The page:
The Referendum on whether Britain should switch to the fiendishly-complicated Alternative Vote electoral system has been a truly depressing affair. The campaign was slow to begin, decidedly lacklustre and — in recent weeks — poisoned by the lies, cynicism and personal insults of the desperate Yes camp. The result has been widespread public apathy. The crucial final few days have been utterly dominated by the Royal Wedding and the killing of Osama Bin Laden. Turnout is expected to be pathetically low. The Daily Mail is urging all its readers to vote tomorrow – and vote NO to Deputy Prime Minister Nick Clegg’s AV proposal But make no mistake: the outcome of the referendum could not be more vital for the future of this country. That is why the Mail urges all our readers to vote tomorrow, whatever their misgivings about the campaign — and vote No. – Daily Mail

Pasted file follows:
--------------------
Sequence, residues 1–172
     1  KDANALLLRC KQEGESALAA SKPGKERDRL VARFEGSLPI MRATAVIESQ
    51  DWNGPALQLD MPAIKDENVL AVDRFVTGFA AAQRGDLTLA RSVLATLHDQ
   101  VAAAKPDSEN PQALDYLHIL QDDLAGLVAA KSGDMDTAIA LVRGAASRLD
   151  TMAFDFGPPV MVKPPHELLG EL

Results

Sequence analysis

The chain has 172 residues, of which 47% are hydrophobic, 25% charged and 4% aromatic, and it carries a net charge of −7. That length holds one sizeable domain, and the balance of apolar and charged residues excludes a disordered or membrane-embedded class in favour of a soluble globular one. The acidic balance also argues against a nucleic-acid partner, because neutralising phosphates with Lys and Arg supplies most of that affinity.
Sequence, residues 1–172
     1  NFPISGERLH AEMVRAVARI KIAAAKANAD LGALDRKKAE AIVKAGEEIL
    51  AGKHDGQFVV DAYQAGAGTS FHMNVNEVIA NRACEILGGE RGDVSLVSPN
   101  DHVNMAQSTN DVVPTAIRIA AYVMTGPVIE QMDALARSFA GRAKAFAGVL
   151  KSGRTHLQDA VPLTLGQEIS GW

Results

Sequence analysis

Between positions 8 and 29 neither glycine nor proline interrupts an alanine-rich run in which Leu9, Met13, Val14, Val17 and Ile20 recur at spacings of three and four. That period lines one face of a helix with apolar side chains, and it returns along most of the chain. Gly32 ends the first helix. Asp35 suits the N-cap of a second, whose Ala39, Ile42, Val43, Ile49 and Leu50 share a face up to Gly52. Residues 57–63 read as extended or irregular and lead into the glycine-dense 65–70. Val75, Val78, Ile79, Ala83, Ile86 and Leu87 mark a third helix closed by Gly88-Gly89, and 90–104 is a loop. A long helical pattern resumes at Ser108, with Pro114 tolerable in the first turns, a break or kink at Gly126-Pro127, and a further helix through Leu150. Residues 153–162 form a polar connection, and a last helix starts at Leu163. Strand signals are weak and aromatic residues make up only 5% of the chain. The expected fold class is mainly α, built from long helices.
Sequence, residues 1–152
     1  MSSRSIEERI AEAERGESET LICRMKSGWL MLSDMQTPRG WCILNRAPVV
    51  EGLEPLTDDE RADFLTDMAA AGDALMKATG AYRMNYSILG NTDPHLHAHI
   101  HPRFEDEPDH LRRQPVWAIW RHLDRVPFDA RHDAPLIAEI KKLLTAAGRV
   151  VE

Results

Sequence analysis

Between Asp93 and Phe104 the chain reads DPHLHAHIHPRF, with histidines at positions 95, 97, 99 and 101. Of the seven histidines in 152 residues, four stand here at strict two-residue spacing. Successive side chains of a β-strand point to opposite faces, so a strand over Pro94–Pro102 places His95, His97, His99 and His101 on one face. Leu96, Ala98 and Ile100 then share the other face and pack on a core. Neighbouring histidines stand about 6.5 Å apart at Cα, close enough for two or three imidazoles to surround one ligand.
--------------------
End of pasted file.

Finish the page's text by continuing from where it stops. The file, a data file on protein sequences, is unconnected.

Liberals face wipe-out with Labour set to gain in England

The Liberal Democrats are bracing themselves for the loss of up to 600 seats in Thursday’s local elections in England, prompting fears that their activist base across the country could be devastated. The elections for 9,000 seats in 279 English authorities are being seen as the first electoral verdict on the coalition’s spending cuts, with Labourexpecting major gains and senior Lib Dems admitting they face punishment in some areas for the role they have played in the coalition. Richard Kemp, leader of the Lib Dems in the Local GovernmentAssociation, said: “We’re doing well against the Tories, not so well against Labour. We will make losses as any governing party does. We will clearly, undoubtedly lose seats. 300 would be a good day, 600 would be a bad day.” Labour is expected to make major gains across the country, symbolically taking control from the Lib Dems in Sheffield, where Nick Clegg has his constituency. It has also targeted Newcastle upon Tyne and Hull. Tory-held North Warwickshire, Trafford, Dudley and Walsall are believed to be vulnerable to Labour, which has also put efforts into Dover. – the Guardian